His speeches and lobbying had persuaded the New York legislature to invest in the $7 million waterway. Clinton was canal commissioner (1817-1822) when the Erie was planned and started, and governor (1824-1828) when the project was completed.
In July 1825, Gov. Clinton participated in the ceremonial ground breaking for the Miami-Erie Canal in Middletown.
A post office for canal workers was established at Clinton May 17, 1826, at the home of a Colonel Ayres. The post office closed Nov. 27, 1827, when construction crews relocated.
Jefferson — planned in Section 32 of Wayne Township, near Seven Mile — was platted April 15, 1806, by John Patter-son, but the town never materialized. It was named in honor of Thomas Jefferson.
Madison Township was the second presidential name adopted in Butler County. It was the ninth township formed in the county, authorized May 7, 1810, by Butler County commissioners, who took the land from Lemon Township.
Madison — who is considered both the "Father of the Constitution" and the "Father of the Bill of Rights" — was occupying the White House at the time. He served from March 1809 until March 1817.
Later, a town was named in his honor— Madison or Madison City also has been known as Heno and West Middletown.
The community in Madison Township west of Middletown and the Great Miami River was built in part in 1846 by John Munn and recorded May 20, 1854, as Madison City by John and William Walter. The name was rejected by postal officials because of an existing Madison, Ohio.
There also had been the Madison House, a tavern and stagecoach stop operated by John Munn. The town became a station on the Cincinnati, Hamilton & Dayton Railroad when that line opened in 1851.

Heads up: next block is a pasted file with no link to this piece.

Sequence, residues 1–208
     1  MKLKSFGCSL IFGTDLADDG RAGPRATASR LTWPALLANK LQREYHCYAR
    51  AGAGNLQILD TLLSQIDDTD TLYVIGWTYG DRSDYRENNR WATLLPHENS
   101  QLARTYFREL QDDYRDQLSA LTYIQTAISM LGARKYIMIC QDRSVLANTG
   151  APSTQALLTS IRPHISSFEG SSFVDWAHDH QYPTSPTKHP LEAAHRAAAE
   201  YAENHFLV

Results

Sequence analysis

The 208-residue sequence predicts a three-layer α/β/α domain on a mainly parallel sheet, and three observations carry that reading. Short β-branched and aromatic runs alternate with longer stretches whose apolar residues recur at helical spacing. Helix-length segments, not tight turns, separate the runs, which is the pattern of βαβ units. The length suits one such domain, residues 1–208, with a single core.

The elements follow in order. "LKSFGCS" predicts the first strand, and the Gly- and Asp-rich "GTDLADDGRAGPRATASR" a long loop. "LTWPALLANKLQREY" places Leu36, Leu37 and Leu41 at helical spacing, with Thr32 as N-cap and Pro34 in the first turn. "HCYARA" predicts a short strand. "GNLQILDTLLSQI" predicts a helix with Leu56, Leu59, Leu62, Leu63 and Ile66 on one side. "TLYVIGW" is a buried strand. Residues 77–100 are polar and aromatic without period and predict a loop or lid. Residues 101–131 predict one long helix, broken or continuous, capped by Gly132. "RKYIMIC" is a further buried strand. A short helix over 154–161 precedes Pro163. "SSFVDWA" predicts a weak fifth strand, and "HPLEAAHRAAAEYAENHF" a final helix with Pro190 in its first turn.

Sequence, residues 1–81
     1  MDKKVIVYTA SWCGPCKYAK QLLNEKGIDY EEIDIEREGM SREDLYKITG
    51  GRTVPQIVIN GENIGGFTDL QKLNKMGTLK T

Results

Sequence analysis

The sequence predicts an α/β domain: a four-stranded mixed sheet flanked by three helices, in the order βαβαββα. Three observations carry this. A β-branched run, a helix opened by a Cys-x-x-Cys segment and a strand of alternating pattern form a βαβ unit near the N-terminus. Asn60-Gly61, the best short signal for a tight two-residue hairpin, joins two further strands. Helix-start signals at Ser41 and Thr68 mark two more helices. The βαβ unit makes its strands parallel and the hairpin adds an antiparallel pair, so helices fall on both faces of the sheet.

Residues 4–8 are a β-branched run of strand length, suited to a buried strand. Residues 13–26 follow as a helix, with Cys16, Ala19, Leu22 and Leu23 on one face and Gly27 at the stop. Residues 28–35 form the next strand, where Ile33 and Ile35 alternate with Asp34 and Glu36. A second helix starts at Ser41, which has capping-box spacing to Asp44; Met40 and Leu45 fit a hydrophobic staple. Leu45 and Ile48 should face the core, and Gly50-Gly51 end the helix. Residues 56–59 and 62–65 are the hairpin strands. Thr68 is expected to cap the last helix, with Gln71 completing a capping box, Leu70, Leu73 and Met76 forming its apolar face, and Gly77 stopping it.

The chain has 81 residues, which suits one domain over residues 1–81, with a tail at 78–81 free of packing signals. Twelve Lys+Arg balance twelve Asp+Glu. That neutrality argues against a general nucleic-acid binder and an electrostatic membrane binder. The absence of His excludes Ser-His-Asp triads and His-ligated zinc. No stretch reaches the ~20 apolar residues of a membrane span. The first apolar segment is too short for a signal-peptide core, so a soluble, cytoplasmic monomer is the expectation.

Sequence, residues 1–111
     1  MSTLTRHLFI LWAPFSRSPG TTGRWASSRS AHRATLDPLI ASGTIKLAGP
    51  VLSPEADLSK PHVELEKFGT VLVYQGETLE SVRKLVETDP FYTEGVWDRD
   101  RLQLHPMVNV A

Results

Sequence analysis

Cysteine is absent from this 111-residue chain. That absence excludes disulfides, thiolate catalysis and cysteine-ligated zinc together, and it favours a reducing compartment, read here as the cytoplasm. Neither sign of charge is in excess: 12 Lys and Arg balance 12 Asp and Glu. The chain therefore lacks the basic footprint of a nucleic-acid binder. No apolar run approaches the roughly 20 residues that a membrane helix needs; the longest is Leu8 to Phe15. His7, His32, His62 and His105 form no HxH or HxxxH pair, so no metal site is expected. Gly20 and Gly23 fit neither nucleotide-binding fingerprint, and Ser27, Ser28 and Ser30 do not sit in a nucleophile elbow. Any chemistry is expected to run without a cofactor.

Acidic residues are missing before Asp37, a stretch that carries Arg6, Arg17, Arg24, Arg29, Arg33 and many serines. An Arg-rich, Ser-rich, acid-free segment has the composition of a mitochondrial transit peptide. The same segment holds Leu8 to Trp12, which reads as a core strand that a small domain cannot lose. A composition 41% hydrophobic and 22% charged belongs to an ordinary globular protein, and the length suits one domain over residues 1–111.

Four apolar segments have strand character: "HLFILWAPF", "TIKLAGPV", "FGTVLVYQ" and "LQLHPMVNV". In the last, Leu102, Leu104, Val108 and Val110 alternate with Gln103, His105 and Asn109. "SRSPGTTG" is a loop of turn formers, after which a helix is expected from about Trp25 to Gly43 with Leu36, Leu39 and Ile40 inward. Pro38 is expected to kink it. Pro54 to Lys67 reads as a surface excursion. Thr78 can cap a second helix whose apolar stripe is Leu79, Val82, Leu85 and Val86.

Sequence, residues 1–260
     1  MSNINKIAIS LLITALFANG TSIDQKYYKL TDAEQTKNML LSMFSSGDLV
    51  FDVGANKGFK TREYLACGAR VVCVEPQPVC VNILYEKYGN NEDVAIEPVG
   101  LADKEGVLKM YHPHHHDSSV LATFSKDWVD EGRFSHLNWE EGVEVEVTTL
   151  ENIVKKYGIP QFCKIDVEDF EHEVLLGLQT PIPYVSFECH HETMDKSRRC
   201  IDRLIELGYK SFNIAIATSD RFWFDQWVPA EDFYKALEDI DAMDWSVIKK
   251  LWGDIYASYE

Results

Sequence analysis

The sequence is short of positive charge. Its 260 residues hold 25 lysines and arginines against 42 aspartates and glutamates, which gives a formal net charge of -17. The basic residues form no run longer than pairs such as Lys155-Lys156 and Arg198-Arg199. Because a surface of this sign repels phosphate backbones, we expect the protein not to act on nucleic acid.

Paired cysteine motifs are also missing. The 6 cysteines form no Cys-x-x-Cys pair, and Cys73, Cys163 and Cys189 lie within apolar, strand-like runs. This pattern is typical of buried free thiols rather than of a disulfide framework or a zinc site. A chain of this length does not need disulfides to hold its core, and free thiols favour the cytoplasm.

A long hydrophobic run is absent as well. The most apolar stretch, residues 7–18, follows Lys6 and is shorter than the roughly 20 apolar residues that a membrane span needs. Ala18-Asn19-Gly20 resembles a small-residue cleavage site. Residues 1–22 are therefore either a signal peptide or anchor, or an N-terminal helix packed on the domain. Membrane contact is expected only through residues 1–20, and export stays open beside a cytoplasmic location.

Jacksonburg was named for Andrew Jackson before he became president. The town — now on Ohio 744 in Wayne Township — was laid out in 1816 by Henry Weaver, John Baird and John Craig. It honored Jackson's military success during the War of 1812, especially his defense of New Orleans Jan. 8, 1915. "The Hero of New Orleans" was president from 1829 through 1837.
Jacksonburg became a major stop on the road between Cincinnati and Hamilton and Preble and Darke counties to the north. A post office opened June 29, 1818, as Jacksonboro. Later the spelling changed to Jacksonborough and now Jacksonburg.
Tylersville-— around LeSourdsyille-West Chester and Tylersville Road in Union Township — was laid out as a village in 1842 by Daniel Pocock.
The area — once known as Pug Muncy — was named after John Tyler, then in the White House. Tyler was the first vice president to succeed to the presidency (April 1841 to March 1845), taking office after the death of William Henry Harrison.
Monroe — which voters agreed to merge with Lemon Township in the November 1992 election — was founded in 1817 by John H. Piatt and Nathaniel Sackett and named for James Monroe, the fifth president who was inaugurated in March of that year.
Monroe was a midway stagecoach stop on a Cincinnati-Dayton line until the 1850s. Today it straddles 1-75, Cincinnati-Dayton Road (old U.S. 25) and Ohio 63 and extends east into Warren County.